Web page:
PHILADELPHIA - (Mealey's) Medicare
Advantage provider Humana Medical Plan Inc. is allowed under Medicare law to
seek reimbursement from GlaxoSmithKline PLC (GSK) for the costs of treating
insurance customers who were injured by GSK's Avandia diabetes drug, a
unanimous Third Circuit U.S. Court of Appeals panel said yesterday (In Re:
Avandia Marketing, Sales Practices and Products Liability Litigation, No.
11-2664, 3rd Cir.; 2012 U.S. App. LEXIS 13230; See 6/16/11, Page 13).
(Opinion available. Document #28-120712-005Z.)
In 2010, Humana Medical Plan
and related entity Humana Insurance Co. (Humana) filed a class action complaint
against GSK in the U.S. District Court for the Eastern District of
Pennsylvania, alleging that the drug maker was obligated under the Medicare
Secondary Payer (MSP) Act to reimburse Humana for the cost of treating
insurance policy holders who were injured by Avandia. Humana operates a
Medicare Advantage plan, which is a private insurance policy that provides coverage
to Medicare-eligible persons who choose not to participate directly in the
federal Medicare program.
organizations (MAOs) pay medical costs for plan participants and each year are
paid a fixed annual amount by Medicare.
Avandia is a prescription
drug prescribed to lower blood glucose levels in type 2 diabetics.
Plaintiffs allege that the drug substantially increases the risk of heart
attack and stroke. Federal lawsuits are centralized in an Eastern
District multidistrict litigation.
Medicare Got Settlement
GSK has begun settling with
plaintiffs and, at the time Humana filed its suit, had paid $460 million.
In the MDL, a portion of each settlement is set aside to reimburse the federal
Medicare Trust Fund for Avandia injury treatment expenses paid by the federal
GSK has not included Medicare
Advantage plans in its settlement agreements, although the plans may have paid
for treatment of Avandia injuries. Humana argued in its suit that under
the Medicare Secondary Payer Act, MAOs have a private right of action to
collect double damages and to compel GSK to identify settling claimants to
Medicare Advantage providers that cover those claimants.
In 2011, Judge Cynthia M.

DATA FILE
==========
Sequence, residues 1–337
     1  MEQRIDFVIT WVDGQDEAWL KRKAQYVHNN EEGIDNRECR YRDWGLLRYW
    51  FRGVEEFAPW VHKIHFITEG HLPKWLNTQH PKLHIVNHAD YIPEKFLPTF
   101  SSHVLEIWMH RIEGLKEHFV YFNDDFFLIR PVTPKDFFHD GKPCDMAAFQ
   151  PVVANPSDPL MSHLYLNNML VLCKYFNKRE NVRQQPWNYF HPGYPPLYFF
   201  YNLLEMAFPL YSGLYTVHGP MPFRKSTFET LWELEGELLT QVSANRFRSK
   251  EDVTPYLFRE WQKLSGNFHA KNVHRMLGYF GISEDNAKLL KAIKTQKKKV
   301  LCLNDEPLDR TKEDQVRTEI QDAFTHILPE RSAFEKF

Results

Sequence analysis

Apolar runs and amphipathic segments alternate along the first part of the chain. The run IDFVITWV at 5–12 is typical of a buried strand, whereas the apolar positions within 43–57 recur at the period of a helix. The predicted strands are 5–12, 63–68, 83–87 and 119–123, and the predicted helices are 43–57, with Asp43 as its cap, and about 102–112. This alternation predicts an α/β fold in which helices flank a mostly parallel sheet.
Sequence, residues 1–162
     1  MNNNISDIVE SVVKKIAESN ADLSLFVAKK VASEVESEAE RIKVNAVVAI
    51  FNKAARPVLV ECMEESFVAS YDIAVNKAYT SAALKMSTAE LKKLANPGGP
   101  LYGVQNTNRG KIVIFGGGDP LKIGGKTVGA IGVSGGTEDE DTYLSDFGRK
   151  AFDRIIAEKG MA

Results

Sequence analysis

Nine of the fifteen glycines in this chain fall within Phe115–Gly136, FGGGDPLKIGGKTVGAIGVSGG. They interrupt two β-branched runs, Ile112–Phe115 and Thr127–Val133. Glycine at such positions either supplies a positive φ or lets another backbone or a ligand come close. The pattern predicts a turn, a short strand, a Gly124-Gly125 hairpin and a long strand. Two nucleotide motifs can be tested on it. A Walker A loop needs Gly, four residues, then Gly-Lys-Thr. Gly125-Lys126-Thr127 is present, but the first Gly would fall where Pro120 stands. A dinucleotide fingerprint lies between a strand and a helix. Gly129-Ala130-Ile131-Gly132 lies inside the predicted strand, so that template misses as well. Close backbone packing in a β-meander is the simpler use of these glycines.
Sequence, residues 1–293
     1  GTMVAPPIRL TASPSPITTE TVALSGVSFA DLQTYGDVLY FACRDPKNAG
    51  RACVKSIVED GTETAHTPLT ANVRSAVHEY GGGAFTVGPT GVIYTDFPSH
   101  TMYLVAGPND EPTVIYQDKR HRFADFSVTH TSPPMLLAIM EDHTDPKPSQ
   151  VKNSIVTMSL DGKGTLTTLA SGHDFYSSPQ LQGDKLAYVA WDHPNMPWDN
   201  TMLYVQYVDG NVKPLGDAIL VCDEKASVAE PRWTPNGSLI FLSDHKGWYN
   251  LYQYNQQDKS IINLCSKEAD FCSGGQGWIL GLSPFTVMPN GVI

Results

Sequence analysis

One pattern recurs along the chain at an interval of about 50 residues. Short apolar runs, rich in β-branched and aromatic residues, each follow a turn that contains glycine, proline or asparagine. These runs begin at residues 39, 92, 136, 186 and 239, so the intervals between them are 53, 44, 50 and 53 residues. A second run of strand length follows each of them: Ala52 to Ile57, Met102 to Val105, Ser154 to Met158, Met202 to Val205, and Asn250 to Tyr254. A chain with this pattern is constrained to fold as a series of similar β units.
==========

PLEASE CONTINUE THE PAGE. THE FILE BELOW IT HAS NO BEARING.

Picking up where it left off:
Rufe granted GSK's motion to dismiss Humana's suit, finding that Medicare law
does not provide MOAs with a private cause of action to seek reimbursement.
Private Right Of Action
In a unanimous opinion, the
Third Circuit panel said that the Medicare Secondary Payer Act does provide
Humana with a private cause of action against GSK. "Even if we were to
find, as Appellees suggest, that this provision is ambiguous, we would
nonetheless be required to defer to regulations issued by the Centers for
Medicare and Medicaid Services ('CMS')," the panel wrote.
"The language of the MSP
private cause of action is broad and unrestricted and therefore allows any
private plaintiff with standing to bring an action," the panel wrote.
"Since private health plans delivered Medicare services prior to the 1980 passage
of the MSP Act, Congress was certainly aware that private health plans might be
interested private parties when it drafted the cause of action, and it did not
exclude them from that provision's ambit."
"That decision is logically
consistent because affording MAOs access to the private cause of action for
double damages comports with the broader policy goals of the [Medicare
Advantage] program," the panel continued. "Further, even if we were to
find the statutory text to be ambiguous on the issue, Chevron [Chevron,
U.S.A., Inc. v. Natural Resources Defense Council, Inc, 467 U.S. 837,
842-43 (1984)] deference to CMS regulations, which grant MAOs parity with
traditional Medicare, would require us to find in favor of Humana here."
The panel reversed the District
Court and remanded for further proceedings.
Circuit Judge Joseph A.
Greenaway wrote the opinion. The other panel members were Chief Circuit
Judge Theodore A. McKee and Circuit Judge D. Michael Fisher.
Humana is represented by
Richard W. Cohen, Peter D. St. Phillip Jr. and Gerald Lawrence of Lowey,
Dannenberg, Cohen & Hart in White
GSK is represented by Thomas E. Zemaitis, George A. Lehner and Kenneth H.
Zucker of Pepper Hamilton in Philadelphia.
Amicus curiae America's
Health Insurance Plans is represented by Arthur N. Lerner of Crowell &
Moring in Washington, D.C.
[Editor's Note: Lexis
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